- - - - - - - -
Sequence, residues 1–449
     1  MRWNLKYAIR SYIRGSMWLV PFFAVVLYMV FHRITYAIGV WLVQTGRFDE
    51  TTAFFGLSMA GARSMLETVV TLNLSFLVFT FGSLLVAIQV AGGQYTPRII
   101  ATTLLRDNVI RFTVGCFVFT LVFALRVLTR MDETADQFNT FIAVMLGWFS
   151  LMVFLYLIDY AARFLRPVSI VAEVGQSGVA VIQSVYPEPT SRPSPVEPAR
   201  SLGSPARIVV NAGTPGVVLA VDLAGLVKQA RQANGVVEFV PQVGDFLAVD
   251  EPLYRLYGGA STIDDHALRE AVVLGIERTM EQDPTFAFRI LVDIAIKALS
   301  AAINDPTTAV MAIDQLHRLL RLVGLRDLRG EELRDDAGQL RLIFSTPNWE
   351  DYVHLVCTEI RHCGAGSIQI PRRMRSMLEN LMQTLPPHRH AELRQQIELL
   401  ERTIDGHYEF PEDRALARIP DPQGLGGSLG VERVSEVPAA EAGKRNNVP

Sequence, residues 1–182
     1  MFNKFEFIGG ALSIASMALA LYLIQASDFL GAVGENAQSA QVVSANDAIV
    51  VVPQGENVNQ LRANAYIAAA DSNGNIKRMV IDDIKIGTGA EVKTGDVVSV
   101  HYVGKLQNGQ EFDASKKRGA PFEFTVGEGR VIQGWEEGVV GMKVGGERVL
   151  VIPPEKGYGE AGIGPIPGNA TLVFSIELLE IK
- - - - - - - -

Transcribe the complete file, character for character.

Sequence, residues 1–449
     1  MRWNLKYAIR SYIRGSMWLV PFFAVVLYMV FHRITYAIGV WLVQTGRFDE
    51  TTAFFGLSMA GARSMLETVV TLNLSFLVFT FGSLLVAIQV AGGQYTPRII
   101  ATTLLRDNVI RFTVGCFVFT LVFALRVLTR MDETADQFNT FIAVMLGWFS
   151  LMVFLYLIDY AARFLRPVSI VAEVGQSGVA VIQSVYPEPT SRPSPVEPAR
   201  SLGSPARIVV NAGTPGVVLA VDLAGLVKQA RQANGVVEFV PQVGDFLAVD
   251  EPLYRLYGGA STIDDHALRE AVVLGIERTM EQDPTFAFRI LVDIAIKALS
   301  AAINDPTTAV MAIDQLHRLL RLVGLRDLRG EELRDDAGQL RLIFSTPNWE
   351  DYVHLVCTEI RHCGAGSIQI PRRMRSMLEN LMQTLPPHRH AELRQQIELL
   401  ERTIDGHYEF PEDRALARIP DPQGLGGSLG VERVSEVPAA EAGKRNNVP

Sequence, residues 1–182
     1  MFNKFEFIGG ALSIASMALA LYLIQASDFL GAVGENAQSA QVVSANDAIV
    51  VVPQGENVNQ LRANAYIAAA DSNGNIKRMV IDDIKIGTGA EVKTGDVVSV
   101  HYVGKLQNGQ EFDASKKRGA PFEFTVGEGR VIQGWEEGVV GMKVGGERVL
   151  VIPPEKGYGE AGIGPIPGNA TLVFSIELLE IK